Monday, April 09, 2007

Bay Area Sports Twilight Zone

The Giants are 1 - 6 and the Warriors hold the 8th seed in the playoffs with just 4 games left to play. The Giants have been pretty good on the whole the past 15 years. On the other hand, the Warriors have been terrible during the same time period. This role reversal is just too weird. What next... Stanford losing the Directors' Cup?

Thursday, April 05, 2007

Ask VCs to tell you "NO"

Rick Segal wrote a post a couple of days ago about entrepreneurs misunderstanding VC's intentions. I found that most VCs are quite flattering with compliments and will rarely give entrepreneurs a flat out "No." Usually, the VCs say they would be interested if certain milestones are met and they nearly always offer to keep in touch. I don't blame VCs for taking this approach. Why wouldn't they want to invest if the entrepreneur hits the milestones they are looking for? I found knowing what the VC felt were important milestones to be helpful and one of my goals in meeting with investors became setting the stage for milestones I felt that I could hit. That said, it is clear that most entrepreneurs are overly optimistic and misinterpret these statements as signs of actual interest.

I think the best way to gauge a VC's interest is by their actions. Some basic signals include whether or not they respond to your email and if yes, how quickly? Do they want more information? Are they willing to take additional meetings? Do they want to speak with a customer? Better signs of interest would be their willingness to introduce you to people they know and getting partners involved.

Asking a VC what immediate next steps they would like to pursue is a pretty good proxy for asking them to tell you "no" and is probably something that should become a standard part of investor pitches. If a VC doesn't have any immediate next steps in mind, don't hold your breath.

Monday, April 02, 2007

Why Question Venture Hacks?

VentureBeat posted a story earlier this evening about a new entrepreneurship blog called Venture Hacks. The blog is written by two entrepreneurs that have played key roles in venture backed startups including Vast, Songbird and Epinions as well as working on the other side of the table in non-partner positions at blue chip VCs like August and Bessemer.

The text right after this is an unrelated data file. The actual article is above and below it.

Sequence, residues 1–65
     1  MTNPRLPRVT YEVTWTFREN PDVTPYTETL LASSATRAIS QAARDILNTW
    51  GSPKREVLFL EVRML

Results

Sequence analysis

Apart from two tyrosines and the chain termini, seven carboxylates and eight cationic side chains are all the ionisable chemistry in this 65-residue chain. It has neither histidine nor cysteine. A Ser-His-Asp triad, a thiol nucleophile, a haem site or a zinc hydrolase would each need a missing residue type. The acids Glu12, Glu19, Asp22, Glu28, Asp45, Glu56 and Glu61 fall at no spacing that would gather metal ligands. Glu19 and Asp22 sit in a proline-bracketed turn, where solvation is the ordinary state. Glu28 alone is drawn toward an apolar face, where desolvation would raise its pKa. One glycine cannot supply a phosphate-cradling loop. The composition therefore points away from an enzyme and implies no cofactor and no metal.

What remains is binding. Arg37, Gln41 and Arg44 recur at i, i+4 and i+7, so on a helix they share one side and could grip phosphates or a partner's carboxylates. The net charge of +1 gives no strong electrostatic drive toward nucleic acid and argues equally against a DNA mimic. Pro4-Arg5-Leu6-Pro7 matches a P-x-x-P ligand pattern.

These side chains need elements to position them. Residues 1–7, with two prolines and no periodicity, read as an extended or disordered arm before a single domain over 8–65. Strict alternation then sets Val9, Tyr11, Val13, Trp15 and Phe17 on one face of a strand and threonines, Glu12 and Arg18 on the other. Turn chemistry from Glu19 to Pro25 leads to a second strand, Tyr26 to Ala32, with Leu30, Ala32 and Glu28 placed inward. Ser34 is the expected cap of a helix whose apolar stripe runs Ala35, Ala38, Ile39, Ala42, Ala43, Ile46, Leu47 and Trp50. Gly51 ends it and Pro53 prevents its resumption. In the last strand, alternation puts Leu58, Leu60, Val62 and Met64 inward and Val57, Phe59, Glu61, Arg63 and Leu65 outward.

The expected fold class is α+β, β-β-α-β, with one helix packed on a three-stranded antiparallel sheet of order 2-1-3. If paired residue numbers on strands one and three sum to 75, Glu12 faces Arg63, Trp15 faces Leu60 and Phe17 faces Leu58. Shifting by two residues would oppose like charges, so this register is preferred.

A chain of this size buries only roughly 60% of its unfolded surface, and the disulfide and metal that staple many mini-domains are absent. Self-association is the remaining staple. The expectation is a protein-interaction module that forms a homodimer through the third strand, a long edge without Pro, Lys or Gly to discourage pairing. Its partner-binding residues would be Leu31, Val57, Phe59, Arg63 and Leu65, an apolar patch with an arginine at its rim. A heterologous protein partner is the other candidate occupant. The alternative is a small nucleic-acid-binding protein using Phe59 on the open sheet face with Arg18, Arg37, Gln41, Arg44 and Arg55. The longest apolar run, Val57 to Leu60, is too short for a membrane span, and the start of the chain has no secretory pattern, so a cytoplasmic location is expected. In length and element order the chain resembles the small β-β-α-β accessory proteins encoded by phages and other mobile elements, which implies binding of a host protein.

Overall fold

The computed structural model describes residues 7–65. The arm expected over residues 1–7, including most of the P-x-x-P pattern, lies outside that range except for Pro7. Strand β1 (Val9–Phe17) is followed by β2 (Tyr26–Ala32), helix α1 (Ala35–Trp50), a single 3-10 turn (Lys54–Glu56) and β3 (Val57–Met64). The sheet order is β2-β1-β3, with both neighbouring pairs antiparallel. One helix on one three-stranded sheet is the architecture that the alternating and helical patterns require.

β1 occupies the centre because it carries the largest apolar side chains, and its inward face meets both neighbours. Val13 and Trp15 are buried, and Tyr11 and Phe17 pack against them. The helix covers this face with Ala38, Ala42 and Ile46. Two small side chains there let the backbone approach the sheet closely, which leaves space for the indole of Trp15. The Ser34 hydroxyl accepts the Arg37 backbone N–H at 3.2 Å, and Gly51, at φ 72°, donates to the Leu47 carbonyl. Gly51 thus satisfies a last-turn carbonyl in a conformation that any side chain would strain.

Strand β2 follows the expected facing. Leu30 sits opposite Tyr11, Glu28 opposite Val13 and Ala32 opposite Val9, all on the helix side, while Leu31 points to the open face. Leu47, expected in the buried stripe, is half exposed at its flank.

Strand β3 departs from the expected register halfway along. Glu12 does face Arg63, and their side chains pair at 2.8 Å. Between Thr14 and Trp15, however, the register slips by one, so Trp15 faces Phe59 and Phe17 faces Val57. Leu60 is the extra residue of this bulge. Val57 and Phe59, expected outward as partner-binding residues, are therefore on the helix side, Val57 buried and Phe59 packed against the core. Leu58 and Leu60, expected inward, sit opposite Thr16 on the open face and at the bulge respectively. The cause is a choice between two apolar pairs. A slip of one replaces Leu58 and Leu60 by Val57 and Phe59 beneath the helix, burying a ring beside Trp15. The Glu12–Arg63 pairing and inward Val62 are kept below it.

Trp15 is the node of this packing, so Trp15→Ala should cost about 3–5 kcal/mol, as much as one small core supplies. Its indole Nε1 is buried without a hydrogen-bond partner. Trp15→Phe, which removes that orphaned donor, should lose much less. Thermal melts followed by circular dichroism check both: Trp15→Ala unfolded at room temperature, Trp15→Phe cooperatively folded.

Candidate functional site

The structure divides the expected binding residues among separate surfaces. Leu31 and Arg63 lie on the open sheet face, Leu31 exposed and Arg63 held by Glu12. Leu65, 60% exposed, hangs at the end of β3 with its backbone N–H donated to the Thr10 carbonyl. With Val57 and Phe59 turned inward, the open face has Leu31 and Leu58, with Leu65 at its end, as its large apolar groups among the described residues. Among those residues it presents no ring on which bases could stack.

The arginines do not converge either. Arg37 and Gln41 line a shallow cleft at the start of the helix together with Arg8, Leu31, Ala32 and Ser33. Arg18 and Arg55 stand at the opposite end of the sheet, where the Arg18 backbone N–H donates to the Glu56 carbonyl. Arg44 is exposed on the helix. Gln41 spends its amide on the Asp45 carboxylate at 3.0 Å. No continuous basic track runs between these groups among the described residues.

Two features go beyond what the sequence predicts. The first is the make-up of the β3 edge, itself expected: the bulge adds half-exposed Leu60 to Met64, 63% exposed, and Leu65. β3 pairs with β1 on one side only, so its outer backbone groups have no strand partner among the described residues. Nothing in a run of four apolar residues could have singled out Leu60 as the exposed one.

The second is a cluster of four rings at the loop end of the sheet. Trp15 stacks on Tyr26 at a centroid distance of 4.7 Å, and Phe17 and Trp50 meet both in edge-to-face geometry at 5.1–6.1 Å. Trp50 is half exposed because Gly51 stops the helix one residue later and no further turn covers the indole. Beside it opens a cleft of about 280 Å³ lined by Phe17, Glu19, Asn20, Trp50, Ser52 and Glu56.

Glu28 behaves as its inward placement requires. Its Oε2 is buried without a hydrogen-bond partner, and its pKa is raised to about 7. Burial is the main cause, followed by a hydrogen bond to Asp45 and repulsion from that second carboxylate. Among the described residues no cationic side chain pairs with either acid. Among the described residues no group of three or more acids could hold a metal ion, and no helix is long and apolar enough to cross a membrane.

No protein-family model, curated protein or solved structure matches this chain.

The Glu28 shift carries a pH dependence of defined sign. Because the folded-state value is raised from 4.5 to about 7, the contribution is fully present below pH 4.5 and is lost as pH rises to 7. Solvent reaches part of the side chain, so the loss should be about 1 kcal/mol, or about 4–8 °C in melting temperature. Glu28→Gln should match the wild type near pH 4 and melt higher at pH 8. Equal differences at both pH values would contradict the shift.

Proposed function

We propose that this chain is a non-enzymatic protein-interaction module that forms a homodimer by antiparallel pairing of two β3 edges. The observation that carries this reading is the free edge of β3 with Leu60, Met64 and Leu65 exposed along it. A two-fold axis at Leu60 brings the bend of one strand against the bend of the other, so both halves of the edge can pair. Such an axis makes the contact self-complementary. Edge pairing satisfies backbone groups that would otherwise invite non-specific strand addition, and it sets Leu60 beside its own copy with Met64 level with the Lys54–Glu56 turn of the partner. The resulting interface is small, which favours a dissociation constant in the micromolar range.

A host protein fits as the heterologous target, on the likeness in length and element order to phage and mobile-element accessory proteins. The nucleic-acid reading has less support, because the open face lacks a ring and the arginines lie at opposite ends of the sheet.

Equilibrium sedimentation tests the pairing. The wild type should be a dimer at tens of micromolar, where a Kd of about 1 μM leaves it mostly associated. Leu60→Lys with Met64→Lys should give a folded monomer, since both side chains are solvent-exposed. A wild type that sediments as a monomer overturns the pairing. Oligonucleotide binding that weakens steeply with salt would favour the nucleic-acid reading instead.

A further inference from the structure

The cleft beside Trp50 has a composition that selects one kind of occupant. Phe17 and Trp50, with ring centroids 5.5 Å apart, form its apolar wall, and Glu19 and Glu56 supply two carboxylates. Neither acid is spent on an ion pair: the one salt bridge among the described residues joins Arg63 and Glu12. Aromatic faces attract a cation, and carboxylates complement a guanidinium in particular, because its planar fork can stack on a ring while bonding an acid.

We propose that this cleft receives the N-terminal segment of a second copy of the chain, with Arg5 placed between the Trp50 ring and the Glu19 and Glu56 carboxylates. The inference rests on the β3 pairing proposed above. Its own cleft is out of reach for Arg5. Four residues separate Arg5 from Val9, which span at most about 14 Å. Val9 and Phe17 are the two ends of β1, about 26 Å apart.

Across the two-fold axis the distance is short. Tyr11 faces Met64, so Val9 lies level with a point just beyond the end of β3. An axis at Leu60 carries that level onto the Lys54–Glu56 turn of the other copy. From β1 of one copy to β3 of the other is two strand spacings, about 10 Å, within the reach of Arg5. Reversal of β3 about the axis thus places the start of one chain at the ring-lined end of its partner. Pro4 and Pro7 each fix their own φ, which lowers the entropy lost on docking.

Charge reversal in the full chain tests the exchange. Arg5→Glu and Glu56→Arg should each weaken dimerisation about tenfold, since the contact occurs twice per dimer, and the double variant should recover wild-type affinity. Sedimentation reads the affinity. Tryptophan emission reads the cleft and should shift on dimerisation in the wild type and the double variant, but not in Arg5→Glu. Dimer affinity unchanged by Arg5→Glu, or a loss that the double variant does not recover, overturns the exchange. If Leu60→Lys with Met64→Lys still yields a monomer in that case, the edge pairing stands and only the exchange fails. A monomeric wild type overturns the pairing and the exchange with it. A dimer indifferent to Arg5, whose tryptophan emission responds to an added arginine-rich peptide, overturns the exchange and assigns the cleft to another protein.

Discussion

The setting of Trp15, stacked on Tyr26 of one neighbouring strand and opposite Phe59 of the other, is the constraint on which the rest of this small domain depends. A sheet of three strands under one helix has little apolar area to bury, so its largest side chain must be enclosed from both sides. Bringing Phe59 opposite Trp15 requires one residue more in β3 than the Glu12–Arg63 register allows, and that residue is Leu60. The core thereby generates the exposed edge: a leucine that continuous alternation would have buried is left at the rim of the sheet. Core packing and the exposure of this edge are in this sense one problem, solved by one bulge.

Despite these qualifications, I was surprised to read a negative comment on the VentureBeat article questioning the validity of the authors experiences. The comment's author wrote:
"Should a couple of unproven dotcommers really be dispensing advice about how to deal with VCs? Music browser Songbird? These guys are the gold standard?"
Why would anyone would want to discourage entrepreneurs from writing about their experiences? Dealing with VCs and building a successful startup are not necessarily the same thing. Also, one can learn a lot from failure. I know I did. Neither of the Venture Hacks authors have had a runaway success but that doesn't mean other entrepreneurs can't learn from their experiences. Furthermore, I believe that the bar for raising capital from professional investors is much higher than most people realize. Venture capitalists perform extensive due-diligence on there prospective investments and one of the most important things they look for is talent on the management team. Thus, there aren't many slouches who have successfully raised venture capital and I'd be willing to bet that the Venture Hacks guys are pretty sharp.

For me the bottom line is that I want to encourage entrepreneurs to share their experiences so that we can all help demystify the process of raising capital. Misinformation about the process of raising capital leads entrepreneurs and investor to both waste lots of each others time. Understanding what an executive summary looks like or what issues to address in an investor power point presentation isn't rocket science and there are no rational reasons to be secretive with this information. Everyone in Silicon Valley benefits from lowering the transaction costs of funding startups, which means more companies get funded, more jobs get created and tax revenues increase without raising taxes.

Shouldn't executing disciplined business plans around new technologies be the challenge of entrepreneurship? Contacting prospective investors and understanding what they want to hear should be the easy part.

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